Im in the market for a tripod too primarily for travel. What Ive been reading- in addition to what you guys have been saying about the 4 section legs, another benefit I understood is that it allows the tripod to be more comfortably used by those 6' tall or more without using the center extension, and without having to constantly bend down to look through the viewfinder. That is a consideration for me being 6' with a achy back.

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    Moderator Donald's Avatar
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    Re: How many sections would you like your legs to have?

    Mike

    An intersting point about the two Manfrottos I was comparing is that the 3-section one actually is 5cm higher than the 4-section in terms of advertised maximum height. - 175cm v 170cm. I also thought as you did.

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    Re: How many sections would you like your legs to have?

    The big difference (other than stability) is the folded length of the tripod. If both tripods are close to the same height when set up (not considering the center column); then the four section will fold into a smaller package than the three section pod. This can be critical for air travel because many (if not most) airlines discourage (or simply prohibit) hand carrying a pod aboard the plane. If your tripod (or monopod) cannot fit into the suitcase you plan to check aboard; the only solution is to purchase another suitcase or pod which is an expensive solution.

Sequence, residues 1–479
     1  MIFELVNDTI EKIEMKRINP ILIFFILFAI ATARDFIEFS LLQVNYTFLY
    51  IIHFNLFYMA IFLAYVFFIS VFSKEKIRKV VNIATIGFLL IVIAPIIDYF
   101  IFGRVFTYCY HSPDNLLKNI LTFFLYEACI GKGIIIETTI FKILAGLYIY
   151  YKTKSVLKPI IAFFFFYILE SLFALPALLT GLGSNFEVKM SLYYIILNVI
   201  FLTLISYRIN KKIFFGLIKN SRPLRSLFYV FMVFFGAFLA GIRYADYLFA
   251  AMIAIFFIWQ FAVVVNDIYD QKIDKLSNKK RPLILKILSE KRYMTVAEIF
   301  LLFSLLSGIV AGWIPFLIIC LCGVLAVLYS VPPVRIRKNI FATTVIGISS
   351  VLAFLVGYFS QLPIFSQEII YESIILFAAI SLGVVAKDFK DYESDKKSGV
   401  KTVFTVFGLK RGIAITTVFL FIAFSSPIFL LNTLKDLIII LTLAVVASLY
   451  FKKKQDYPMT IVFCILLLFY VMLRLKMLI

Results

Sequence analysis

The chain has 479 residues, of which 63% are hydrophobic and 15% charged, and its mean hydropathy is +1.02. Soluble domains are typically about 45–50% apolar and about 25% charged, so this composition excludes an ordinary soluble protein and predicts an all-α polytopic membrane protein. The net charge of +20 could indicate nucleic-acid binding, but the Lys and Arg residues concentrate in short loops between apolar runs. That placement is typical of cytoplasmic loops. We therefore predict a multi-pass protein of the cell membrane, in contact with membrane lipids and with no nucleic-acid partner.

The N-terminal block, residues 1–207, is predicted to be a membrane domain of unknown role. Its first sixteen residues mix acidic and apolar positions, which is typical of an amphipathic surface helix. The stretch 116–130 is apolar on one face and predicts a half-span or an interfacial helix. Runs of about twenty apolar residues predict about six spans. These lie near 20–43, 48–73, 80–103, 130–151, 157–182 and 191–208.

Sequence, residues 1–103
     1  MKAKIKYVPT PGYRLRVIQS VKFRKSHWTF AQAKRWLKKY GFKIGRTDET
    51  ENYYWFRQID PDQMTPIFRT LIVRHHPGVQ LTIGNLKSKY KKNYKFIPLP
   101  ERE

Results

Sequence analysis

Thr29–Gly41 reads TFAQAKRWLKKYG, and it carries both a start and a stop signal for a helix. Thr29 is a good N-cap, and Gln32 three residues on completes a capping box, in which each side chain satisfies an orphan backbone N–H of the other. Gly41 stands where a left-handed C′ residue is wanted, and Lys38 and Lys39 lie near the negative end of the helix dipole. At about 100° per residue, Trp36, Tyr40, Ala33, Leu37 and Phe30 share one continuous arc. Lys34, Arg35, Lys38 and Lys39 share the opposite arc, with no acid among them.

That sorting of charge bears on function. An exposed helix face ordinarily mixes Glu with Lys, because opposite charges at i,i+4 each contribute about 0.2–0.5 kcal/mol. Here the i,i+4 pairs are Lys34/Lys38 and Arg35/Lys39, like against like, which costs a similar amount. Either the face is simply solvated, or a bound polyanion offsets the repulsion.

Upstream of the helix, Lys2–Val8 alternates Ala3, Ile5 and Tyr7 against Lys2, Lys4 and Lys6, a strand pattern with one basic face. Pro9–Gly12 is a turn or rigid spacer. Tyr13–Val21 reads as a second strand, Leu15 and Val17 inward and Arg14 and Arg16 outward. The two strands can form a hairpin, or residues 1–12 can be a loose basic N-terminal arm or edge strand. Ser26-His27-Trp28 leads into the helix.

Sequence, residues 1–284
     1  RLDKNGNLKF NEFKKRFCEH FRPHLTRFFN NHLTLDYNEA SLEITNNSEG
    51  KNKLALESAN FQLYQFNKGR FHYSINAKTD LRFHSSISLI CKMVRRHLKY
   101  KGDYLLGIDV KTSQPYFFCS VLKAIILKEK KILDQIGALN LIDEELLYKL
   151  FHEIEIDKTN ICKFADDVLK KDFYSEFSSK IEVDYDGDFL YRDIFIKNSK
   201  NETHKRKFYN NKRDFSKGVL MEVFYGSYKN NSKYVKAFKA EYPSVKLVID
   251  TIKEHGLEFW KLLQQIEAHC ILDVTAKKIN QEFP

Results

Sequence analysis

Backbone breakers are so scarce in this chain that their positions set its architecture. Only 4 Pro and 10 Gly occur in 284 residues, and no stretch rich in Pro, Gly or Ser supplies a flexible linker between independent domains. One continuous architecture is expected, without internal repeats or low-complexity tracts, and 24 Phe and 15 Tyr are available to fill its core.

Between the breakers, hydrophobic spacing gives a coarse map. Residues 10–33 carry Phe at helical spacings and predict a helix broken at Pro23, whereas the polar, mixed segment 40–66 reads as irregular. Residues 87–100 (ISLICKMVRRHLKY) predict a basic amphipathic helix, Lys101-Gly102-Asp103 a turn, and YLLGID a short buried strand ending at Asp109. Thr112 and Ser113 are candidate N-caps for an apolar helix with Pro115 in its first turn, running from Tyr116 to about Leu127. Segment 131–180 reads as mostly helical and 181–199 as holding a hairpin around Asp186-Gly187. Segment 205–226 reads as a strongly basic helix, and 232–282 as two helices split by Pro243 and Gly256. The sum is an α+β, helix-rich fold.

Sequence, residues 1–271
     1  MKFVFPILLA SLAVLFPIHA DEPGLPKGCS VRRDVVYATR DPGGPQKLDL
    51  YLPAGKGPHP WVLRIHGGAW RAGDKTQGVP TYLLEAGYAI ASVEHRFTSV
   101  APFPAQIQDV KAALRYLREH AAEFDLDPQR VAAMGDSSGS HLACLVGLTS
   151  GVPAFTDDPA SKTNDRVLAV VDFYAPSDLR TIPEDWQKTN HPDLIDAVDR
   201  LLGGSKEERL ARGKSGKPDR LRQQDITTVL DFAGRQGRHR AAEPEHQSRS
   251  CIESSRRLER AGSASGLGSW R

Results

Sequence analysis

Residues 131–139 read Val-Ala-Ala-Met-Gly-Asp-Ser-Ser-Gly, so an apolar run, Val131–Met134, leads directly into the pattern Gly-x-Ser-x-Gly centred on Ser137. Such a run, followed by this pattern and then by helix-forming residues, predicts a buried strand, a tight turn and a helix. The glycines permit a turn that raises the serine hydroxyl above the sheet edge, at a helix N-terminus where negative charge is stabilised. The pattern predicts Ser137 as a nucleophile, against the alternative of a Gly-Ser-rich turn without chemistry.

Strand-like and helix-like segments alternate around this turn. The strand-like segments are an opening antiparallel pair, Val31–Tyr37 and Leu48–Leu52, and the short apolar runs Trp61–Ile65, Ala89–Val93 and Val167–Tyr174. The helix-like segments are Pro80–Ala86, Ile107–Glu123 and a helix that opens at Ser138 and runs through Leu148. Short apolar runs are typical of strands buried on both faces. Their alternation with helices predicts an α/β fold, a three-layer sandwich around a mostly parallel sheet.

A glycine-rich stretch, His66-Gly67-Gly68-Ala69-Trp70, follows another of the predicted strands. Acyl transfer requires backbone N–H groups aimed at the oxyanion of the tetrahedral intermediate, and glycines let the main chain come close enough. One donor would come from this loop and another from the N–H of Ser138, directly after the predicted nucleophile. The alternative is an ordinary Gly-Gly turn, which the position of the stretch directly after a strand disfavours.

I used a Manfrotto 681 monopod which is an aluminum 3-section pod for several years and was quite happy with its capabilities. It is relatively light weight for its ability to support a heavy load but, it cannot fold small enough to fit into the suitcase which I use for air travel. Before I traveled to China, I replaced the perfectly good 681 three section pod with a Calumet 4-Section 8x Carbon Fiber Monopod which folds down to about 20 inches (51 cm) and which will fit in my suitcase. This pod has a manufacturer's recommended load of 30 pounds (13.6 kg). Even when halving the manufacturer's recommendation (which is my common practice with tripods and monopods) the Calumet pod can support any camera/lens combination that I am likely to own or use.

    One thing that I might mention when choosing the height of a tripod or monopod. The pod doesn't have to be as tall as you are. The viewfinder is above the base of the camera and your eyes are below the top of your head (at least mine were when I last looked in the mirror). Additionally, you will gain some height by using a tripod head and may use a head on your monopod. I am 73 inches (about 185 cm) tall and I am quite comfortable using the 63 inch (about 160 cm) monopod with a Kirk MPA-1 swivel Head. I actually have a bit of height to spare.